We broadly investigate the mechanisms used in cells to regulate gene expression at the translational level. Current research is focused on the question of how ribosomes are dissociated from mRNAs (recycled) following the completion of translation at stop codons or after irreversible stalling events in the middle of coding sequences. Without this recycling process, ribosomes would accumulate on mRNAs, limiting the cell's ability to make new protein or allowing translation of sequences that encode toxic proteins. Ribosome recycling occurs when the ATPase Rli1 (ABCE1 in higher eukaryotes) separates the 60S subunit from the mRNA-bound 40S ribosome. In prior work, we established that lack of Rli1 in the cell leads to a surprising accumulation of ribosomes in the 3'UTR and the translation of short open reading frames. We also showed that recycling of the 40S subunit in yeast requires the activity of the proteins Tma64, Tma20, and Tma22 (eIF2D, MCT-1, and DENR in mammals). Similar to loss of Rli1, we found that loss of these factors causes ribosomes to enter 3'UTRs and reinitiate new translation. The recycling factor ABCE1 is known to be upregulated in many types of cancer, suggesting that ribosome recycling is critical in cancer cells, potentially as a way to ensure an adequate supply of recycled ribosomes for new rounds of translation during rapid proliferation. We believe this process is also critical during the innate immune response because the activity of ABCE1 appears to be modulated by RNase L, a gene that is activated when the cell detects double-stranded RNA in the cytoplasm. Mutation of DENR has been shown to be associated with autism and overexpression of MCT-1 is a lymphoma driver in humans. A better understanding of the mechanism of ribosome recycling is therefore important for addressing challenges to human health. The lab primarily employs high-throughput sequencing methods, such as mRNA-Seq and ribosome footprint profiling with computational analysis. We also use an array of biochemical approaches, such as western blots and reporter assays, to complement this work. Finally, we are developing tools for imaging single polysomes in living yeast and mammalian cells, using fluorescence microscopy and reporters consisting of arrayed GFP molecules (SunTag). We recently investigated the role of the protein Hcr1 in yeast (eIF3j in mammals) for its role in ribosome recycling. Hcr1 is known to promote initiation of translation in 5'UTRs, but its function in recycling was less clear, with studies suggesting roles in termination or either 40S or 60S recycling. We used ribosome profiling and reporter assays to determine whether Hcr1 facilitates removal of the 60S ribosomal subunit from the mRNA-bound 40S subunit or the 40S ribosome from the mRNA. Our data clearly reveal that Hcr1 promotes 60S subunit recycling because the yeast strain missing this factor is a close phenocopy of the Rli1-depleted strain. Moreover, we did not observe a requirement for an AUG codon during 3'UTR reinitiation events. Hcr1 likely works to enhance Rli1 ATPase activity or target Rli1 to ribosomes. Intriguingly, we also found that loss of Hcr1 triggers increased expression of the RLI1 mRNA, suggesting the cell actively senses ribosome recycling fidelity and tunes Rli1 levels to ensure sufficient levels of recycling. We are also investigating the functional roles for 3'UTR ribosomes and the possibility that loss of efficient recycling under stressful environments can alter fitness. We are examining the effects of nutrient deprivation (yeast) and the innate immune response (human cell lines), for example, in reducing the efficiency of termination and recycling. Our ribosome profiling results now suggest many stresses induce translation of 3'UTRs but that the mechanism involved under glucose loss in yeast is highly specific for 40S reinitiation. During the innate immune response, activation of RNase L is thought to lead to binding with ABCE1. We are now measuring recycling efficiency in the presence of activated RNase L and have observed robust loss in recycling efficiency across multiple cell lines. Our results suggest a specific mechanism of modulating recycling when the host is infected by viruses. We have also begun to employ a new form of ribosome profiling by footprinting the 40S (as opposed to 80S) ribosome. Data from this experiment now directly demonstrate that loss of Tma64, Tma20, and Tma22 leads to widespread accumulation of 40S ribosomes on stop codons. We therefore conclude that the 40S ribosomes that accumulate in their absence are competent to reinitiate translation in 3'UTRs by multiple mechanisms. Using this approach, we have also shown that Tma64/eIF2D only carries out a small proportion of the 40S recycling burden. Preliminary studies in mammalian cells support this conclusion and suggest a role in controlling initiation during stress responses. We also found that the autism-associated mutants of DENR lead to clear recycling defects when introduced into yeast, thereby linking ribosome recycling failure with neurological defects. In addition, we have developed a tool to reveal translation of non-canonical ORFs. Our observation of accumulation of 40S ribosomes on stop codons in a strain lacking 40S recycling factors can serve as a signal of non-canonical termination events across the transcriptome. Surprisingly, we have found widespread evidence of such events internal to coding sequences. We believe such events are indicative of leaky scanning, where the 40S ribosome fails to find the main AUG start codon and instead initiates translation downstream, and in some cases, in a different reading frame. Initial analysis suggests such events can trigger degradation of the mRNA via the nonsense mediated decay pathway (NMD, since most out of frame ORFs end with termination codons near the 5' end of the gene). We anticipate that this technique will be useful for detection of other cases of non-canonical translation events, particularly translation of rare transcript isoforms that encode premature termination codons and are therefore subject to NMD. Finally, we have enhanced another variant of ribosome profiling that I originally introduced for studying collisions between two ribosomes. By purifying footprints protected by two ribosomes joined together (disomes), we have globally identified sites where ribosomes collide across the transcriptome. Intriguingly, we have found that all disomes are recognized the ribosome quality control pathway (RQC). It has been shown that RQC specifically recognizes disomes, leading to ubiquination by Hel2 (yeast) or ZNF598 (mammals) and subsequent degradation of the nascent peptide and the mRNA. Loss of this pathway leads to the production of toxic peptides and neurodegeneration. Our data revealed that loss of Hel2 reduces disome formation, establishing that this key quality-control pathway is widespread and does not distinguish between collided ribosomes formed on different stall-inducing motifs. Such events on apparently normal mRNA transcripts may be critical for ensuring the synthesis of high-quality protein.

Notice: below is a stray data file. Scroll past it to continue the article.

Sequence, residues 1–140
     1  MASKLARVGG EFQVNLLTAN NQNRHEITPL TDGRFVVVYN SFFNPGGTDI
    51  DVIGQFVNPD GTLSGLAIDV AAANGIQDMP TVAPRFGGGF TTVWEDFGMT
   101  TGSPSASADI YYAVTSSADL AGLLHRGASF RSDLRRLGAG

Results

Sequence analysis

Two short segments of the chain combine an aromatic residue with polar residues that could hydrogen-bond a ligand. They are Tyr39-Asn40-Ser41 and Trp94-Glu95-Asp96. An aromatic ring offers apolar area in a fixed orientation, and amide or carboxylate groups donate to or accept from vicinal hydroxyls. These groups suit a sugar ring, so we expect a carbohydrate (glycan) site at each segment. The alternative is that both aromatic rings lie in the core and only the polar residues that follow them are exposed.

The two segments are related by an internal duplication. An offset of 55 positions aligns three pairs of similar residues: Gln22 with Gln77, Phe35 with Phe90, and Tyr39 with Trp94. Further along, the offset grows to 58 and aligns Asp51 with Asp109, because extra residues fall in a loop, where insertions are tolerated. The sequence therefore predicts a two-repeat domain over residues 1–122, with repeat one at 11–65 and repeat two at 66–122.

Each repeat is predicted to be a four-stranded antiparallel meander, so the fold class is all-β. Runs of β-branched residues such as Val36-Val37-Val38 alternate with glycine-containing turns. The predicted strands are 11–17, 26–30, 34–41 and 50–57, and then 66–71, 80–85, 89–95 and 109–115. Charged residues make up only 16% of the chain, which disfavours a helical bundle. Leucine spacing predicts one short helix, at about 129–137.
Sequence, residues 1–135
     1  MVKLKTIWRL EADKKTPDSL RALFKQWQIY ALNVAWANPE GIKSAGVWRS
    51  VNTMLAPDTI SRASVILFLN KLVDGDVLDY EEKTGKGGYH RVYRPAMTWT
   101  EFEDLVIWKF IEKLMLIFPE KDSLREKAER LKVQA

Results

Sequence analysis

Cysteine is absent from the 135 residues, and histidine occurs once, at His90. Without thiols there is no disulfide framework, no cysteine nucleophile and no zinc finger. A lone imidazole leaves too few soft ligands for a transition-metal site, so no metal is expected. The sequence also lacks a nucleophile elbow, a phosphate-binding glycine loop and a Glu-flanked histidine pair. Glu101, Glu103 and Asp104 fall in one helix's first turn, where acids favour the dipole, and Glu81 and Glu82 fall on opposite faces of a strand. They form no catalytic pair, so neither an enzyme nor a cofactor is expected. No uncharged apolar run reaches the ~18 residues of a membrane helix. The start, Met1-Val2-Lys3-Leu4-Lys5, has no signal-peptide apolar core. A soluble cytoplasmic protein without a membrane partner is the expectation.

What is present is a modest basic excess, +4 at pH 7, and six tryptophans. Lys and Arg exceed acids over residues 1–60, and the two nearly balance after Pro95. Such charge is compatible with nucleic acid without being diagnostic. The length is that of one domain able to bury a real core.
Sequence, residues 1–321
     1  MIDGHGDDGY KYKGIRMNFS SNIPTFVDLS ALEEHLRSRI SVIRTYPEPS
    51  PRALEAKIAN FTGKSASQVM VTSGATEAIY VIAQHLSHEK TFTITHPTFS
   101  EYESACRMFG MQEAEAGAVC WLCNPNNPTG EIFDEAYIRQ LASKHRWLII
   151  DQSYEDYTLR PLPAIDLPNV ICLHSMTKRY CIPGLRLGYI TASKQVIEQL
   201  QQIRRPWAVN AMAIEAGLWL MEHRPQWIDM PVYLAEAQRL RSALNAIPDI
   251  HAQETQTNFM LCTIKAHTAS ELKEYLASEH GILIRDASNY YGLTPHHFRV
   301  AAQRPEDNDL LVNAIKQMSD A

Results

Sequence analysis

Project Start
Project End
Budget Start
Budget End
Support Year
Fiscal Year
Total Cost
Indirect Cost
Zip Code
Guydosh, Nicholas R; Kimmig, Philipp; Walter, Peter et al. (2017) Regulated Ire1-dependent mRNA decay requires no-go mRNA degradation to maintain endoplasmic reticulum homeostasis in S. pombe. Elife 6:
Guydosh, Nicholas R; Green, Rachel (2017) Translation of poly(A) tails leads to precise mRNA cleavage. RNA 23:749-761
de Vasconcellos, Jaira F; Tumburu, Laxminath; Byrnes, Colleen et al. (2017) IGF2BP1 overexpression causes fetal-like hemoglobin expression patterns in cultured human adult erythroblasts. Proc Natl Acad Sci U S A 114:E5664-E5672
Young, David J; Guydosh, Nicholas R (2016) Silence without stress. Elife 5:
Woolstenhulme, Christopher J; Guydosh, Nicholas R; Green, Rachel et al. (2015) High-precision analysis of translational pausing by ribosome profiling in bacteria lacking EFP. Cell Rep 11:13-21
Guydosh, Nicholas R; Green, Rachel (2014) Dom34 rescues ribosomes in 3' untranslated regions. Cell 156:950-62